Do Boring Speakers Really Have Longer Lectures? Science Finally Has An Answer

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We’ve all been there.  Through misguided ego, an overly optimistic rush to squeeze in every facet of detail as possible, or because they’ve simply decided that time isn’t their boss, a talk, presentation or lecture has dragged on longer than was promised by the allotted time slot.

No matter how fascinating the topic is, rarely does a prolonged lecture have the desired effect. You think of your lunch that’s sitting sadly in your bag. You wonder if you’ve made the right choices in life. You hope that, some day, you will finally learn how to play the piano, or learn Japanese. You begin to dream of infinity.

What’s not been clear is whether or not longer talks tend to be given by certain types of people – specifically, boring speakers. Could it be that it’s in fact the most interesting lecturers that want to fill your brains with as much delicious, intellectual nectar as possible, and in doing so, they’re over-spilling into someone else’s timeslot?

Probably not. When it comes to presentations, plenty of people from all walks of life have told me that it’s the dull speakers that drone on past their welcome, and with few exceptions, I suspected much the same back when I was an undergraduate student.

“I’ve thought this was true for a long time, and everyone agreed it was likely to be true,” says Robert Ewers, professor of ecology at Imperial College London. It was also, however, thought to be somewhat untestable. Undeterred, he took on the challenge of testing it for himself.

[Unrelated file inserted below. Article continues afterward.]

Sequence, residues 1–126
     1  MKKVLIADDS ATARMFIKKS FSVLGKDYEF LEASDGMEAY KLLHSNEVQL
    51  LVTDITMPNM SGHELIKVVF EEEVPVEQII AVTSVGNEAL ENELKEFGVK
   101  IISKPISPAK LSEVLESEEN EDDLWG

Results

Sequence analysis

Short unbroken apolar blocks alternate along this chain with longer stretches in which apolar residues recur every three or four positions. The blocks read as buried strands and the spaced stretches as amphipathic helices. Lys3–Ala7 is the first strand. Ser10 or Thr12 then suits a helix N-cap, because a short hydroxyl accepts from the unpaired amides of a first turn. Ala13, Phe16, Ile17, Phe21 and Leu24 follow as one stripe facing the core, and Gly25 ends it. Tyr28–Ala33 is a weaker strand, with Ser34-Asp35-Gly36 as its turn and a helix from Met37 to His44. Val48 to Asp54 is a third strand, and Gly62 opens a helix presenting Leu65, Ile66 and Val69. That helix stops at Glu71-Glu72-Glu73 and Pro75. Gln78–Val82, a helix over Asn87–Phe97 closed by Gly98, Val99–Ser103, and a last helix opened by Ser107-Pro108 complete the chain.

Heading to an unnamed international conference, he began to gather data. As he explains in a delightful bit of correspondence with Nature, he sat in on 50 talks, all of which had 12-minute slots. He recorded the start and end time.

Here comes the subjective part: he decided whether or not the talk was boring at the four-minute mark. People have different preferences when it comes to talks, depending on subject matter, delivery style, and so forth. Who’s to say that these anonymous talks may have garnered a more mixed reception if multiple participants viewed and assessed them?

This isn’t, of course, a bona fide scientific study. It’s just a piece of curious correspondence, although we can all surely agree that it’s research topic is nothing short of pioneering. So what did Ewers find?

Out of the 50 talks, 34 of them were deemed to be interesting – a decent percentage. On average, they were also punctual, having a runtime of around 1 minutes and 42 seconds.

The 16 boring talks, he writes, “dragged on for 13 minutes and 12 seconds.” This wasted a “statistically significant 1.5 minutes” of precious time. He also adds that for every 70 seconds that a speaker “droned on,” the odds that their one-person drama had been boring all along doubled.

“For the audience, this is exciting news,” he concludes. “Boring talks that seem interminable actually do go on for longer.”

Ewers offers some advice for future talkers: introduce key objectives near the beginning, focus on information only relevant to the talk, don’t repeat yourself if possible, and don’t waffle on about knowledge that everyone’s aware of as if you’ve just discovered it for the first time.

Is he going to follow this correspondence up with another study to demonstrate that it can be replicated? “I’ve seen people on Twitter talking about replicating the study, which would be fun, but not something I’m going to follow up on,” he explains. “Too boring.”

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